One basic strategy is to pay all fixed expenses first and then allocate what is left among your variable/ contingent expenses in your budget.  To be safe, you need to budget 5% for contingencies to give yourself a cushion for the unexpected and 5–10% for retirement for retirement planning to responsibily plan for your retirement.

You need to plan for major purchases by putting money away into savings to buy a new piece of furniture or a new computer.

The purpose of the personal budget is to help you plan for your financial security and retirement in the long run.  The real key is to get your priorities identified in your budget.  Our society is a NOW/ ME society and we all need to follow the values/ priorities that our grandparents learned from the Great Depression.  Do not spend money unless you have it on hand and make decisions that are good in the long term. Cincinnati financial planning basics are required for every family in order to be successful in this new economy.


Submitted by: Chris Allen, President – The Business Spotlight, Inc. and Committee Member of Emerging 30

The William E. Hesch Law Firm, headquartered in Cincinnati, OH, is owned and operated by Bill Hesch, Owner/CEO. His company, founded in 1993, focuses on providing great legal, tax & financial advice (licensed attorney, CPA & Personal Financial Specialist [PFS]) for business owners and high net worth individuals (Estate, Elder Law & Medicaid Planning). Website:

Bill’s very proud to be recognized again as a N. KY Chamber Emerging 30 business. The continued growth is a direct result of providing the expertise and services most needed and wanted by his clients. His focus to get the additional certifications, including PFS, so he can offer holistic advice [both legal and financial] for a person’s business, estate, taxes and health care planning really provides the one-stop shop that high net worth individuals really value. He is the only one in the city practicing across all areas.

Bill’s original inspiration to become an attorney was from JFK. He either worked in evenings or studied every night throughout law school to earn his degree with very high marks from Chase Law School (3rd in class!).

He credits the people working with him across the law firm (and the CPA firm) for his continued success. The right team has allowed me to double revenues over the past four years during a recession.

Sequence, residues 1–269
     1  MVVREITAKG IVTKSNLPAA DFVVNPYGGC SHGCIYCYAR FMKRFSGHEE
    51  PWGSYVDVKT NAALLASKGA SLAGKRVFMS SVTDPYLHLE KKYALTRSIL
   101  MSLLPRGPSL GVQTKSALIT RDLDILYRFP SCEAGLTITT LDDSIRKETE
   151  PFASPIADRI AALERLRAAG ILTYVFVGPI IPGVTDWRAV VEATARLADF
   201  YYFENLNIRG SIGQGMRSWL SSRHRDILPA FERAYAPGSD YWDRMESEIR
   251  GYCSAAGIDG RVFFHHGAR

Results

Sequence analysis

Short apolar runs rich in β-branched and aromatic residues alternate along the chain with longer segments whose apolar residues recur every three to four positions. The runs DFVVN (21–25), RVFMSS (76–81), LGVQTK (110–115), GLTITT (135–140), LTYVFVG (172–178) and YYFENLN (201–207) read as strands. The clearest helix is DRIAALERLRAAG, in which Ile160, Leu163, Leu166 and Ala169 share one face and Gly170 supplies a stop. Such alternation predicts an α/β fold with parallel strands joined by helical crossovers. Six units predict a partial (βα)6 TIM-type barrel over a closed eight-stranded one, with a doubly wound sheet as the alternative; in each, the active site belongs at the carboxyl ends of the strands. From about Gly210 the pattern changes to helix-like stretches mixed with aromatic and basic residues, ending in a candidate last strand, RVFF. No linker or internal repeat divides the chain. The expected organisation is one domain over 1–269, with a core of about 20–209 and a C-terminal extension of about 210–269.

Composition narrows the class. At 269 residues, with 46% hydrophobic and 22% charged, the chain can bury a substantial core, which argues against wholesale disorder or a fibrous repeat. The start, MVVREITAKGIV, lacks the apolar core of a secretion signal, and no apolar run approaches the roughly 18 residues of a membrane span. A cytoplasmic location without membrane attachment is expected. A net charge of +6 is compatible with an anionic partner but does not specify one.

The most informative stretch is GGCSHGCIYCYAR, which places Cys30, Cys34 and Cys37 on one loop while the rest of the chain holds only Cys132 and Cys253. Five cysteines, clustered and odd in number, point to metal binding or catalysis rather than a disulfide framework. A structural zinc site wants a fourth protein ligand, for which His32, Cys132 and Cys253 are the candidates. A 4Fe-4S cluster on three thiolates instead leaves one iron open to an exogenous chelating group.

Bill loves what he does and gets pumped up over solving the really complex issues his clients may come across. He has seen others who have left the game and doesn’t believe he’ll ever truly retire!


You are invited to attend our free one-hour program!

  • Life/Disability/Long-Term Care Insurance.
  • Health Care Power of Attorney, Living Will, and Financial Power of Attorney.
  • Failure to use a trust or transfer on death provisions for your assets

5:30 p.m. Registration

Hors d’oeuvres & Beverages

6:00 p.m. Program

6:45 p.m. Q&A

7:00 p.m. Conclusion & Tours

Presented by:
William E. Hesch Law Firm, LLC

Amy Pennekamp, Attorney

William E. Hesch, Attorney and CPA

Location: Carriage Court of Kenwood Assisted Living & Memory Care

4650 East Galbraith Road
Cincinnati, Oh 45236




Top 10 mistakes that may devastate your family & their financial security when you become sick or die…

1. Failure to make sure you have enough life/disability insurance to provide for your family if you become sick or die.

2. Failure to execute a Health Care Power of Attorney, a Living Will, and a Financial Power of Attorney thereby resulting in your family needing to go through probate court to be appointed your guardian in order to avoid what Terri Schiavo had to do for 10 years—being kept alive on life support with a feeding tube.